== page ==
nileshmshukla said...

In the essence, the burqa/purdah which was considered negative/regressive for women by the politicians and social reformers at one time (during India's independence struggle)is considered a positive/must-do/necessary by the political pandits (of secular bent)of today. Where would these secularist take India to? Dear Swapanji, thanks for showing the contrast.

Anonymous said...


The so-called secularists have mastered the art of "heads I win, tails you lose" argument. They support the adoption of seclusionary identities by Muslims and then blame the Hindu society for the consequent ghettoization. They rant against a progressive Uniform Civil Code for all and then blame the Hindus for the low social status of the Muslims.

Still, a self-inflicted backwardness by the Muslims with active encouragement from the pseudo-secularists may not be completely undesirable.


Anonymous said...

Wonderful article, really our pseudo liberals are so touchy and hyper sensitive, they will pounce on every word Modi utters.

BTW what is wrong is the term: "burqa of secularism", isn't that exactly what twisted nehruvian leftists are all about?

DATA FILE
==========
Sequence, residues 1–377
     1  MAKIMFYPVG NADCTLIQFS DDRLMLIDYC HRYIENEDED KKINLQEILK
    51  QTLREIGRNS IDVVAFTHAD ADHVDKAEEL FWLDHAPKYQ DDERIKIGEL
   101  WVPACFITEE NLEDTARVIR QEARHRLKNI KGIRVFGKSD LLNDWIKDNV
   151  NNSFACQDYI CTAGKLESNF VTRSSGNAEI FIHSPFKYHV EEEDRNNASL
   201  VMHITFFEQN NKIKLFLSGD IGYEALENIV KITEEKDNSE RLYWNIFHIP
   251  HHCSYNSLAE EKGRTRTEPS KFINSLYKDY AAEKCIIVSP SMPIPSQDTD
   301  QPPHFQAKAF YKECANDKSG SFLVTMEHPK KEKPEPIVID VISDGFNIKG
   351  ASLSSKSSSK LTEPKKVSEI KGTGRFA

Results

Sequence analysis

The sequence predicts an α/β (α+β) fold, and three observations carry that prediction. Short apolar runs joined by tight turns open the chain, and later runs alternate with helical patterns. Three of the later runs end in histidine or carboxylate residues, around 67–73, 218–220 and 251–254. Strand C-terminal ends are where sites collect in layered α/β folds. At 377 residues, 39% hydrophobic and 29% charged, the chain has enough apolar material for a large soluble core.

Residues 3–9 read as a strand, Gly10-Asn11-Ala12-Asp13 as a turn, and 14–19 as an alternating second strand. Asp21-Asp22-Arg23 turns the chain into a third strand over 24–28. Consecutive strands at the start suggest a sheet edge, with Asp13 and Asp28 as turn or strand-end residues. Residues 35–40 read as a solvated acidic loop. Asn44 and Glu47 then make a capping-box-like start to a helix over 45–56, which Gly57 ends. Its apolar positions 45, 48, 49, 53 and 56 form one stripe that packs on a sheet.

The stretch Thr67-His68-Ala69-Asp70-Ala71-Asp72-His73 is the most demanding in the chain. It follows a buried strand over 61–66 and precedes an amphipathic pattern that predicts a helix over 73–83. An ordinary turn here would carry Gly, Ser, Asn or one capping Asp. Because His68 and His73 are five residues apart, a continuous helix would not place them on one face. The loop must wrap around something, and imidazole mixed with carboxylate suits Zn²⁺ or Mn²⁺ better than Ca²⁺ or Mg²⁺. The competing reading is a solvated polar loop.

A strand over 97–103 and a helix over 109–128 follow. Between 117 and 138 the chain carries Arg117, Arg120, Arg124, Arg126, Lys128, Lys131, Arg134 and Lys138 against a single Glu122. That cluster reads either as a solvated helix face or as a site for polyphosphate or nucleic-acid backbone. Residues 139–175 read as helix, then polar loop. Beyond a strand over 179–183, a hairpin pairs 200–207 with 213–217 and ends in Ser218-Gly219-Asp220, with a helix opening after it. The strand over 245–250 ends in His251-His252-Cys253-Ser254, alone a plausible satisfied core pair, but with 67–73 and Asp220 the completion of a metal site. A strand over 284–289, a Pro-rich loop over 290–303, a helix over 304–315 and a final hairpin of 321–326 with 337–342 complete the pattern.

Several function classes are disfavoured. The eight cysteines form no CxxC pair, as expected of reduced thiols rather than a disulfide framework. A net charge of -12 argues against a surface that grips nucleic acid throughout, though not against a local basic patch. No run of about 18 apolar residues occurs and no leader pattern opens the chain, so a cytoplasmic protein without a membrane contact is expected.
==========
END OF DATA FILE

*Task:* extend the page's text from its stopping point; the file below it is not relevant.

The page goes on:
Deep Mkerj said...

Dear Sir,

"Burkha of secularism" is a phrase with a delightful and very evocative imagery. As you very rightly point out, Shri Narendra Modi has been able to explain very succinctly what goes around as "Kan-gress secularism".

The "Naked Communalism" comment on the other hand is a dud, a flop show, a damp squib and a typical "Kan-gress" sound-bite - devoid of either merit or sense and reminiscent of the verbal/ auditory horrors faced by Industry Confederation leaders in recent times.

Jitendra Desai said...

Modi and BJP will have to prepare themselves for daily assaults like this.Congress appears panicky.It does not know what else to do to recover lost ground.To attack Modi it does not have to do much.MSM too is ready to pounce.So expect more storms in drapery and wardrobes, bedrooms and court rooms....

Amit Dave said...

many channel said tht,growth of MP is higher thn guj,bt th truth is if a studnt incrse marks frm 90 to 93 is not shokng,btif 30 to 36 is noticable, thts the case of Bihar, MP,CG with GUJRAT.

Amit Dave said...

many channel said tht,growth of MP is higher thn guj,bt th truth is if a studnt incrse marks frm 90 to 93 is not shokng,btif 30 to 36 is noticable, thts the case of Bihar, MP,CG with GUJRAT.

Independent Thinker said...

Dear Mr Dasgupta,

I have thought of an objective way to measure, as it were, the secular tendencies of a society. In other words, I am attempting to define secularism in terms of numbers.

A society is considered secular if the rate of growth of its largest minority, equals or exceeds the rate of growth of population of the majority.

By this measure, secularism is binary. A society is, or is not secular.

If the minority is growing faster than the majority,
secular_status = 1
secular_status = 0